Importantly we’re planning for an even tougher environment in the fourth quarter for passenger vehicle turbo. For ACS we continue to pulse our channels to customers for those markets. A good example I can share with you we had this discussion with our business leadership the other day is in our environmental combustion control business ECC within the ACS we had a discussion on how their business is performing in its various channels.
Our retail channel for ECC continues to perform very well as demand for energy efficient products remains robust. It’s amazing just even anecdotally what you’re seeing in terms of from retailers in terms of positive response they’re getting to our energy efficient products. In the trade channel, this is very interesting; we saw strong trends in ECC through mid September followed by significant declines for the remainder of the month versus the prior year. In other words a real tail off in the later part of September.
However, in the first half of October we’ve seen robust double digit increases again and our customers are telling us the demand remains high. Obviously we’re tracking this very closely. Finally, for business jets we continue to see relatively stable activity for larger jets where we play most predominantly. We’re tracking business jet utilization as well as used jet inventory closely for signs of comparable broader weakness.
The bottom line is its unclear how some of these trends will develop over the short term. As Dave said, for purposes of our planning and our guidance for the fourth quarter which I’m going to take you through in some detail in a moment we believe we’re taking more conservative view.
Now let’s turn to some of the actions that we’ve implemented as we prepare for slowing environment, the later part of this same slide. First of course is our focus on fixed costs. This is not a new theme. We have had a relentless focus on the management as you know of census and facilities related costs which comprise the majority of our fixed costs. At this time we have hiring freezes in place. We continue to focus on keeping developed regions flat while still increasing sales. We’re managing our global real estate portfolio through continued group top rationalization.
Obviously the third quarter opportunity that presented itself with the CS gain gives us significant additional capacity. We’re managing that portfolio with proactive lease and rental agreement renegotiations as we speak.
Our business leaders are redoubling their efforts to reduce spending that’s not directly related to serving customers, supporting the advancement of our technologies or the continued improvement of our operating facilities. Each of our CFOs is actively tracking and reporting all indirect, all of these indirect spending activities.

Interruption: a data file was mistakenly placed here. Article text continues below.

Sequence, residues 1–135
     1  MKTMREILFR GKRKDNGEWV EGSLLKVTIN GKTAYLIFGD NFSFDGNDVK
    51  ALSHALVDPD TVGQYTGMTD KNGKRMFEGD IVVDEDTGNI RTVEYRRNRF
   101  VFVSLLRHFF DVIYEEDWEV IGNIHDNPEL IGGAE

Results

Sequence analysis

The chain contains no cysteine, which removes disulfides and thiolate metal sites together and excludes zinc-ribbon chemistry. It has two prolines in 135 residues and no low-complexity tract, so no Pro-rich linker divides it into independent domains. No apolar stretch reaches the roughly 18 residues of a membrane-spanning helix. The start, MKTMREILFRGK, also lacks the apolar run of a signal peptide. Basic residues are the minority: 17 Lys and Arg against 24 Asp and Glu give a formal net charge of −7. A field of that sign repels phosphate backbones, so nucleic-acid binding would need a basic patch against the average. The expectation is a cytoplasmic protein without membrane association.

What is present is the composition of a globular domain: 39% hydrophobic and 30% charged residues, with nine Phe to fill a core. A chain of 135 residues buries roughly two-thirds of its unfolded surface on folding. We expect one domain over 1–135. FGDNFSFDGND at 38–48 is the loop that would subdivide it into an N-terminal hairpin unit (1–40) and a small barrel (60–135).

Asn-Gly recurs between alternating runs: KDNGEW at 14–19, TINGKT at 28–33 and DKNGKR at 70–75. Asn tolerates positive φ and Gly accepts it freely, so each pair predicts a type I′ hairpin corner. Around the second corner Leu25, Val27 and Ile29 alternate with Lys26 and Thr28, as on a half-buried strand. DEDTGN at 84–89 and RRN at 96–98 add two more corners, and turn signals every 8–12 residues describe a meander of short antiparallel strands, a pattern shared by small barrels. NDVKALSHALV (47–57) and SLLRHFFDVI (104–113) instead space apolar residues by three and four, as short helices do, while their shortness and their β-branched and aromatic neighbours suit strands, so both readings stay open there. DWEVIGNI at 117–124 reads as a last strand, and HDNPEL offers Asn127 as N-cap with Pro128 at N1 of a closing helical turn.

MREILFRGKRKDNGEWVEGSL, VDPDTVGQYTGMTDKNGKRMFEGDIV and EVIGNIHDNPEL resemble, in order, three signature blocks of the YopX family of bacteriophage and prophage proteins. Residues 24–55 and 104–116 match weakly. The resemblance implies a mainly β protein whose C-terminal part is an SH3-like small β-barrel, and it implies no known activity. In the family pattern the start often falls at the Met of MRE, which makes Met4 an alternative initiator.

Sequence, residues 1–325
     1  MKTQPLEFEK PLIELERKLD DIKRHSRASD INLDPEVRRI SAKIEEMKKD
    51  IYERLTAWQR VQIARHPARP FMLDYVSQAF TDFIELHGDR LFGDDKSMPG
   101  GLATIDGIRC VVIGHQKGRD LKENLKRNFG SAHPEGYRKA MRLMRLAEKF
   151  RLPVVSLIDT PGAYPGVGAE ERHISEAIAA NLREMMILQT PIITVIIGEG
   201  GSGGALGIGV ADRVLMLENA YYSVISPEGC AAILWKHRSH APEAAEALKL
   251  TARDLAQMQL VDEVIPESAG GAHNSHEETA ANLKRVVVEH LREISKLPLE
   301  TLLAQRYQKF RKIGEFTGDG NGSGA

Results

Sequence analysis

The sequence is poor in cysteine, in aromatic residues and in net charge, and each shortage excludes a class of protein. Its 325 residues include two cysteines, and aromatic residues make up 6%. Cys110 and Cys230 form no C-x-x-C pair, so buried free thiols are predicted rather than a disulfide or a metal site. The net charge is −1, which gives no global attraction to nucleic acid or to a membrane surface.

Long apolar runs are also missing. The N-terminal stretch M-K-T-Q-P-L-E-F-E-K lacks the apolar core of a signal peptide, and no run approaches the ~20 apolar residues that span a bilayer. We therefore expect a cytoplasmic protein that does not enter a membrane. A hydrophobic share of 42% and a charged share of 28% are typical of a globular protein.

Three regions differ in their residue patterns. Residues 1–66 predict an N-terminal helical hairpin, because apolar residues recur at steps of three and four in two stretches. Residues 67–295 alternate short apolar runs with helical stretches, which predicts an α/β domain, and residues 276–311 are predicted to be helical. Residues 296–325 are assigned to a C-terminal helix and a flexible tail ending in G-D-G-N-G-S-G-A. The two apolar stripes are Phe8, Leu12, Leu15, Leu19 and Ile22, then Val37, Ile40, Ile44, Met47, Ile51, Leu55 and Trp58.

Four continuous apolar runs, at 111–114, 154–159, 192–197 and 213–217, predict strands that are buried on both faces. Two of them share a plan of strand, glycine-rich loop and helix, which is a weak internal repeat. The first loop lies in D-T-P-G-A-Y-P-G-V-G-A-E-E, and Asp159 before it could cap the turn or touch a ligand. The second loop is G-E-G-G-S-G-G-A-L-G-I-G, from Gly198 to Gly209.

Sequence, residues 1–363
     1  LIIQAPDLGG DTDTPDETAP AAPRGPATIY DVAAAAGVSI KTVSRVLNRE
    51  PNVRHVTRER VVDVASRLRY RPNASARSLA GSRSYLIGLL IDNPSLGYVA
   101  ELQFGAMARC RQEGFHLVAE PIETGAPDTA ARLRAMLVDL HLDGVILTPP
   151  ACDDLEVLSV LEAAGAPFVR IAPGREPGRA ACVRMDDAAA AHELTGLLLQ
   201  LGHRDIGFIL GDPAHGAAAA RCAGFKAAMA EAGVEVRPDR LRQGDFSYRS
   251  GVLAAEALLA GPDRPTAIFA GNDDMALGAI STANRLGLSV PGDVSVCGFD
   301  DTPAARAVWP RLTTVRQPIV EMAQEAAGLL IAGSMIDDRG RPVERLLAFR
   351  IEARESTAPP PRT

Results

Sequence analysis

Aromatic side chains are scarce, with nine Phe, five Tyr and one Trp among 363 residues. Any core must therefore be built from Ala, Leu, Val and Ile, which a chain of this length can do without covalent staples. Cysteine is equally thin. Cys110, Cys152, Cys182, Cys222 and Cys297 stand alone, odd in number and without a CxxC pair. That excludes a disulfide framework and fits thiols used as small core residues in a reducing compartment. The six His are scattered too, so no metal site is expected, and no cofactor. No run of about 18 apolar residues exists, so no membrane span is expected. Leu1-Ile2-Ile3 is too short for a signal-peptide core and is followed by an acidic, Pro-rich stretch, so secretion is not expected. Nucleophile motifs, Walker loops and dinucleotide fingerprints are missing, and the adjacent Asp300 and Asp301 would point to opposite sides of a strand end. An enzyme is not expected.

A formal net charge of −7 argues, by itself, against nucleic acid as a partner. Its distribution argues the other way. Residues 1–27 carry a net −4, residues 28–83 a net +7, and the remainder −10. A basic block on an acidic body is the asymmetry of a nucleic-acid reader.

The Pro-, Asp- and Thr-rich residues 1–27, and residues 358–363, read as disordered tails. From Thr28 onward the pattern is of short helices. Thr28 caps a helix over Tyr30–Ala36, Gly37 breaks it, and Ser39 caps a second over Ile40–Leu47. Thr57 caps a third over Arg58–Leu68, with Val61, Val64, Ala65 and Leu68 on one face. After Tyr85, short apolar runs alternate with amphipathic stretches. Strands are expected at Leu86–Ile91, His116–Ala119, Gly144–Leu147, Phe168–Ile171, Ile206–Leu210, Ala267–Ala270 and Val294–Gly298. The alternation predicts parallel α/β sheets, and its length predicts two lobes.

They are aggressively, with the leadership teams in our businesses, aggressively managing these costs with an emphasis on reducing all non-essential, non-customer related spending. By the way, the trend there, we track if very closely, has been positive. It’s been contributing to that operating margin expansion I mentioned earlier.
Third, we’re reassessing CapEx, reprioritizing all new programs through this year and the end of next year. Our focus of course is on the long term health of our franchise so were going to continue to invest in attractive projects in safety and environmental related projects. However, as we face a tougher economic environment we’re making sure that our spending and our prioritization positions are firmly grounded.
Finally, as I said earlier, we’re focused on managing our liquidity in this uncertain environment. We’re monitoring our portfolio. We’re taking decisive actions to prepare for more difficult economic environment. With that let’s now go through Aerospace and the other businesses starting with Aero on slide number nine.
Importantly, there’s a little asterisk there beside the Aero title at the top of the slide. We’re excluding the business jet accruals that we detailed earlier as well as the impact from acquisitions and divestitures to give you really a true organic performance for Aero in the quarter. You can see segment sales were up 5% organically. Segment profit was up 5%, margins up 10 basis points to 18.4%.
Some highlights regarding Aero, total commercial sales were up 7% organically in the quarter, continued strong demand on the OE side of the business, some softening in the after market. Again, that largely anticipated in terms of what we saw in the after market. Commercial OE sales were up 11% driven by continuing strong demand by OE customers, ATR OE sales were up 7%, BGA sales were up 15%.
We continue as you know, to win content on new OE platforms and of course very, very pleased to announce this quarter the contract win on the Gulfstream G250 with engines and APUs representing approximately $4 billion win for Honeywell. Terrific accomplishment by the team.
Commercial after market sales up 4% in the quarter, ATR after markets sales were up 5% greater than the global flying hours which were up 2.8% by the way in the third quarter as anticipated and by the way, to my earlier comment consistent with the approximately 4% growth we envision for total global flying hours for the full year ’08.
The important thing, of course, is we continue to benefit from our technology and our offerings particularly in safety and fuel efficiency. That’s supporting our growth in the after market. A great example is the recent FAA decision mandating all US registered air transport aircraft built after ’92 to install the nitrogen generation systems to reduce risk of fuel tank flammability. This is an $800 million opportunity for Honeywell, there’s over 2,500 aircraft in the existing fleet requiring retrofit over the next nine years.